Interestingly enough our ability to overcome our friendship “bias” – the bias that makes us search for that thing we want everyone to have – is the ability that allows us to overcomes loneliness and lack of connection.  Because when the bias is gone, we begin to open up to possibilities of having many different kinds of friends in our lives.

How do you know if you have a bias?  Think about what has attracted you to the friends you’ve had and write the qualities you discover on index cards.  Imagine that those index cards were pinned on people who are mingling around in a large room.  Those are the people you’d probably approach right away.

Now think of possible human qualities that you have not written on those index cards and imagine there are people in that room that have those cards pinned to them. How likely are you to approach them? How much chance would you give to the possibility of those friendships?

Then try it in real life.  Next time you end up in a room with people who don’t seem to have anything in common with you, consider the qualities they carry – and decide if you want to extend your friendship range by giving them a chance.

Thoughts?  Ideas? Experiences?  Share them!

Remember — enrollment is open during the summer for September 1 start of the Expat Women Academy. a one of a kind program that provides expat women with strategies to overcome expatriate challenges.

How to help your kids get excited about a move in 10 minutes

If it’s difficult for us, adults, to move from place to place starting over and over again – it’s paramount for kids.  Especially the kids whose ages thrust them somewhere between “I’ll miss my grandparents!!!” and “I cannot live without my friends!!!” sentiments.

So what are we to do to help those kids? Sharing information about the impending destination and communicating throughout the process will, of course, help, but how do we get them really excited about the move?

Here is a fun exercise you can do with your children to help them move from sadness to excitement in about 10 minutes:

(1) Get a sheet of paper, write “Moving to _____ “ on top, and divide it into 2 columns.

(2) Title the left column “Bad things about moving to_____” and title the right column “Good things about moving to _____”.

(3) Ask them to come up with the “bad things” first.  Write down everything they say and make sure not to offer your own opinions.

(4) After they are done, ask them to come up with the “good things”.  Again, stay clear of imposing your “good things” on them and instead listen for their ideas and write each one of them down.  This part works really well if you have already spoken with your child about your destination and things you can all enjoy there.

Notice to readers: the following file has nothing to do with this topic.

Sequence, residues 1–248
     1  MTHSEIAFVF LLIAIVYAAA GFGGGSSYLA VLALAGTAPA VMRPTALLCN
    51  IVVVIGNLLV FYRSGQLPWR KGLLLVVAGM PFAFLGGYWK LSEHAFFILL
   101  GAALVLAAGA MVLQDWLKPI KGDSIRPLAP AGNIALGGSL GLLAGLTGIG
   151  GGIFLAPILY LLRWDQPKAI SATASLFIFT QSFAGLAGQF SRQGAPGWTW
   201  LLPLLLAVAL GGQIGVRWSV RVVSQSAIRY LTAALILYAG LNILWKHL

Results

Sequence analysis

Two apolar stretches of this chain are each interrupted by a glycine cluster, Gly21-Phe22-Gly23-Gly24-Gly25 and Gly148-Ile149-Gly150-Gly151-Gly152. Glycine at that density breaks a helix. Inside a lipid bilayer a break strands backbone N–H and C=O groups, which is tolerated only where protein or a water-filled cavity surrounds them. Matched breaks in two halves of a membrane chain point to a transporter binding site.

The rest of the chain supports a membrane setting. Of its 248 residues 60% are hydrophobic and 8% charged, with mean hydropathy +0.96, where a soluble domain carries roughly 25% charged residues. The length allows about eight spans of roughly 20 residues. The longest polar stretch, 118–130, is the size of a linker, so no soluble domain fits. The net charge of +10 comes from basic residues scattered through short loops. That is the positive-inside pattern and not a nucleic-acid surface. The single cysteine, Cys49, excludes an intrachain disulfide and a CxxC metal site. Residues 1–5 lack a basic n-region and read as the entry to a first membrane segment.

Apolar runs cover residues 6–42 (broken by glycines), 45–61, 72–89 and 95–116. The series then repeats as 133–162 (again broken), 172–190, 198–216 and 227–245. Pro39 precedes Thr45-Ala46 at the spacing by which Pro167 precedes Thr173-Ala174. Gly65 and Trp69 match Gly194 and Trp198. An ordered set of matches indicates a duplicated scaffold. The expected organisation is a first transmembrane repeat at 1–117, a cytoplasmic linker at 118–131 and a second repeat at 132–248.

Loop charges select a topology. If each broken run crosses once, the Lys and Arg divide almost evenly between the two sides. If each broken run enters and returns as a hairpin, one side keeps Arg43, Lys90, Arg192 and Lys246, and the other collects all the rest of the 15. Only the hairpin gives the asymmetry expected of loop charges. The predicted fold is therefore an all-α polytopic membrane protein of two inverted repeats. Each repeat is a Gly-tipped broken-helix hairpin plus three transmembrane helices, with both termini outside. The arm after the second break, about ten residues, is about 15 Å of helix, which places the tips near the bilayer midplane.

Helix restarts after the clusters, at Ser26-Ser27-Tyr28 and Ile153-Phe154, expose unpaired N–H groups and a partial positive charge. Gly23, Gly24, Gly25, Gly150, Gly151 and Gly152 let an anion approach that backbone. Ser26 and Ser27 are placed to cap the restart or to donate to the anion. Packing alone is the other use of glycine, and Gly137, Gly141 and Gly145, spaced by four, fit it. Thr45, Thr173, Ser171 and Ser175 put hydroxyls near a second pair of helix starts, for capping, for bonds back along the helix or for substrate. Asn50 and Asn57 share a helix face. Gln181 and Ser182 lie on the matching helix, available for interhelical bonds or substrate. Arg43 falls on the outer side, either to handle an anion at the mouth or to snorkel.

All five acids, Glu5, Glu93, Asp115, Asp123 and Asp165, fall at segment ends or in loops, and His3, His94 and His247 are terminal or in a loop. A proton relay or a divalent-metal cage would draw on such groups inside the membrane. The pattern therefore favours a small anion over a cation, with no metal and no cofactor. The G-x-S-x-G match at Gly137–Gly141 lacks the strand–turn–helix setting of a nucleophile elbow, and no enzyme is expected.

(5) After both columns are done, rate each thing you wrote on a scale of 1 to 10: 10 being “how bad that thing is” for the left column and “how good that thing is” for the right column (and 1 being the reverse).

Example:

“Bad things” about moving to ______ “Good things” about moving to ______
Leave grandparents (10) New adventures (10)
Leave school (6) Learn a new language (7)
Leave local TV (3) See snow (8)

(6) Sum up the numbers.  If you did your sharing and communicating throughout the process, your child will come up with a lot more “good” things than “bad” things and you’ll be able to point out how high their satisfaction is with the move as opposed to their dissatisfaction using the numbers.

(7) Hang the list in your child’s room until the move and remind your child that they can always look at it when they feel particularly sad.

Leave a comment letting us know how it went for you!

For another kid-friendly exercise that can help your children adjust in a new country, download our Adjustment Guide E-course — on online self-taught course that provides tools on how best to manage the effects of adjusting to another culture.

Also, enrollment is now open for May 1 start of the Expat Women Academy. a one of a kind program that provides expat women with strategies to overcome expatriate challenges.  Join us for a FREE webinar to learn more about it here.

8 mistakes expats make that can leave them feeling disconnected

by Margarita

One of the biggest challenges of an expat lifestyle is feeling disconnected – from the life you leave behind, from people and events in your current place of residence, from family and old friends back home, and even from those who surround you.  If you are an expat right now, how strong is the feeling of being disconnected in you on a scale of 1 to 10?  Are you somewhere between 4 and 10?

If you are, read on and let me know if these eight mistakes resonate with you!

Mistake 1.  You have very high expectations that people back home will continue to want and initiate consistent interaction with you.   We all miss our friends/family when we move, but face it – we left.  They stayed behind and they moved on with their lives.  They’ve substituted the vacuum you left in their lives with something/someone else and they are doing just fine.  It’s harder for you, of course, because you are the new kid on the block. Sure they’ll be there for you when you need them, but for heaven’s sake – don’t expect them to get in touch with you as often as they did in the past – and don’t sulk if they don’t.  Remember that it’s now up to you to initiate and maintain contact.  You are the one who has left.

Mistake 2. Somehow, somewhere you’ve decided that making new friends isn’t your strength.  Fair enough – some of us are more outgoing than others, but make sure you realize that perspective is everything.  It colors the lens you use to look at the world.  So if your current perspective is “I suck at making new friends”, you will suck at it.  Change your perspective and you’ll be surprised to see how things change around you.